Who is on the shielding list? Why 1.7 million new people have been told to stay at home - and rules explained

The Covid shielding list has been extended with more people to receive a letter

Wednesday, 17th February 2021, 10:31 am

Millions more vulnerable people have been added to the shielding list for protection from Covid-19.

The UK Government has instructed 1.7 million extra people to stay at home in England, while 800,000 of those have been bumped up the vaccine priority list.

The decision came after scientists at Oxford University developed a new model to determine who is most at-risk from the virus.

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Hundreds of thousands of shielding people have been bumped up the vaccine priority list (Shutterstock)

So, who is shielding now, why has the list been expanded - and when does shielding end in 2021?

This is everything you need to know.

Why was the shielding list extended?

Four million people in total are now shielding in England after the development of the new tool at Oxford University.

The model, known as QCOVID, assesses whether someone is at risk of serious illness or death from coronavirus due to a number of combined factors, instead of a single underlying health condition.

Professor Andrew Hayward, a member of the New and Emerging Respiratory Virus Threats Advisory Group (Nervtag), which was involved in the modelling, said these factors were put together to reach a score.

He told BBC Radio 4 that the score could “more or less order people in the population according to their level of risk” and indentify those who should be prioritised for the vaccine.

The new tool has prompted the government to expand the shielding list to include extra people.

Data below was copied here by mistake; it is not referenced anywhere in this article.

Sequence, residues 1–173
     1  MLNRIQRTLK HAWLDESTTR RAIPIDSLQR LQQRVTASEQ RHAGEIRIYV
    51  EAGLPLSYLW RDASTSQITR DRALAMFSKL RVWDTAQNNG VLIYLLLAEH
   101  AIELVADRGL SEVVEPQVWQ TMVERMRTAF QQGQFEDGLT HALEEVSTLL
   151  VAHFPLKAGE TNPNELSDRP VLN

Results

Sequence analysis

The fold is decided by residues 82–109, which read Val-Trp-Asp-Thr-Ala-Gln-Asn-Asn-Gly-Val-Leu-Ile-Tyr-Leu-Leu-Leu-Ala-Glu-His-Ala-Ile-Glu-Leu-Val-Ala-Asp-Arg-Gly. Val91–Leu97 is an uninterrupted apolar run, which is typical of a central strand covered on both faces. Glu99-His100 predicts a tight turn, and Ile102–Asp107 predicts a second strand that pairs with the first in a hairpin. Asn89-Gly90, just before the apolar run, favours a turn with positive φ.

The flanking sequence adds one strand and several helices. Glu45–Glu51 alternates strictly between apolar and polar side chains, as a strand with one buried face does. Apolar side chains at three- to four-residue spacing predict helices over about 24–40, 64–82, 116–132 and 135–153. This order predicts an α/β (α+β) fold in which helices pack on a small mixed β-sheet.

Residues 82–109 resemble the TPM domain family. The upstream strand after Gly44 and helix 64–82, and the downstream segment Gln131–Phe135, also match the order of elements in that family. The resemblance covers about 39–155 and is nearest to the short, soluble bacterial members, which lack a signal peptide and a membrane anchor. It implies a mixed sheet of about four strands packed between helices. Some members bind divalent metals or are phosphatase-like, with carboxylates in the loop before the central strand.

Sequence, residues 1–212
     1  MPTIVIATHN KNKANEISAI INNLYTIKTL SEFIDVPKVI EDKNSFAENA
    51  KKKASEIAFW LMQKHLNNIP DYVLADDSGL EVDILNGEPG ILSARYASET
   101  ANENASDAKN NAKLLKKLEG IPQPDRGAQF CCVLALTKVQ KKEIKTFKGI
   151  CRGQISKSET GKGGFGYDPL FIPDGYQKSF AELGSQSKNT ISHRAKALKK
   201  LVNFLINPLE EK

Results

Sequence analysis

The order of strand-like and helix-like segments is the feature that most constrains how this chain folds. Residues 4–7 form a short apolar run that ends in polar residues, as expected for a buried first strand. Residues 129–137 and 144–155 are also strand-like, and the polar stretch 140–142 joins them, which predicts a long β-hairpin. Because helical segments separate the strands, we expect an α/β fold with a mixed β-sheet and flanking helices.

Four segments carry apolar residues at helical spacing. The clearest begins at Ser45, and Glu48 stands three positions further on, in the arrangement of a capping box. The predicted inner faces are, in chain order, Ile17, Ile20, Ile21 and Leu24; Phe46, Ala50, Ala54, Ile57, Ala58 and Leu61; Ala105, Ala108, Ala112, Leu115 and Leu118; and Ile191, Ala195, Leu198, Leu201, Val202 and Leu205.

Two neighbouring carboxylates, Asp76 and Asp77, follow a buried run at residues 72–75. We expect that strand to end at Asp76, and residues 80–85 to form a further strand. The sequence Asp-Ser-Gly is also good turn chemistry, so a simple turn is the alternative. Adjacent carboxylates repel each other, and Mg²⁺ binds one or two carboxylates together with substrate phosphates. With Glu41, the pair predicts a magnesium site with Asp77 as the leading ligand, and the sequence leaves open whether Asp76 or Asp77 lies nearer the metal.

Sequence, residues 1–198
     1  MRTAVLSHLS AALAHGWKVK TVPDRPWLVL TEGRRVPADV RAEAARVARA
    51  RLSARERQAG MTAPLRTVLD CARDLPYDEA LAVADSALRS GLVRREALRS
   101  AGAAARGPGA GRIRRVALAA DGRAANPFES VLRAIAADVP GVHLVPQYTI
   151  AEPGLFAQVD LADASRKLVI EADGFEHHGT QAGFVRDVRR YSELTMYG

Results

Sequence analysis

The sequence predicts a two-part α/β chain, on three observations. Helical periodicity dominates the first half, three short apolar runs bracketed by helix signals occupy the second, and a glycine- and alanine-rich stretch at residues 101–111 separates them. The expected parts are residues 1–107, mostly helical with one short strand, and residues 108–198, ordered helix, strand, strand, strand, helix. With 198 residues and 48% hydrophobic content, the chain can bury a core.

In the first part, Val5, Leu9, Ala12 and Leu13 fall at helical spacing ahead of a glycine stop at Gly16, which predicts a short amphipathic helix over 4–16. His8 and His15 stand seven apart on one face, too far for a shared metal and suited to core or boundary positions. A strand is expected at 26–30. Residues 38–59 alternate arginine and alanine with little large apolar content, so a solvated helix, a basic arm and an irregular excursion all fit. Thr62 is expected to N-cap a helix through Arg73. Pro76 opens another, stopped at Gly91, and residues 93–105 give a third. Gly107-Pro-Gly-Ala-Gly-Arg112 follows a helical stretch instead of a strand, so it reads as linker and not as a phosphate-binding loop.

A reduced form of shielding was reintroduced at the start of the third national lockdown in January.

Until now, only people with specific health conditions or undergoing certain types of treatment had been told to shield.

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Who is on the new shielding list?

The Oxford University model looks at risk identifiers including age, sex, ethnicity, body mass index (BMI) and existing health conditions.

It also looks at deprivation by postcode, as people living in more deprived areas could be at a greater risk from Covid-19 due to cramped housing and being unable to work from home.

Those who have been added to the new shielding list will be informed via letter, and the government has recommended that they follow the rules already in place.

Deputy Chief Medical Officer Dr Jenny Harries said those joining the shielding list would get the same support as those who are already considered “clinically extremely vulnerable”.

Who is considered clinically extremely vulnerable?

The 2.2 million people who were already on the shielding list were identified according to a single health reason, like specific cancers, organ transplant recipients and those with severe respiratory conditions.

It also includes people on immunosuppression therapies, those who have problems with their spleen, and adults with Down’s syndrome.

A full list of who is deemed clinically extremely vulnerable can be found on the government’s website.

What does the new list mean for the vaccine?

Around 900,000 people added to the shielding list are aged 70 and over, meaning they should have already been offered the coronavirus vaccine.

That leaves 800,000 people who will now be given priority access to the jab, the government said.

They should soon receive a letter asking them to book an appointment.

However, this means they will receive their vaccine invitation a few weeks later than if they had been added to the original shielding group.

What are the shielding rules?

Those told to shield during the first national lockdown last year were told to stay at home at all times.

Now, people shielding are being advised to be extra cautious and stay inside as much as possible, not attending work, school, college or university.

However, you are permitted to go outdoors for essential reasons like exercise and to attend medical appointments.

Yet you are advised to do your shopping online or to ask family and friends to collect your groceries for you to avoid busy supermarkets.

Those shielding can be given a note to give to their employer and to claim Statutory Sick Pay (SSP) or Employment and Support Allowance (ESA).

They can also request help with food and medicine deliveries from an NHS volunteer.

When does shielding end?

The government has proposed a 31 March end date for those shielding.

However, this date could potentially be extended depending on the prevalence of the virus in the country and the risk posed to clinically extremely vulnerable people.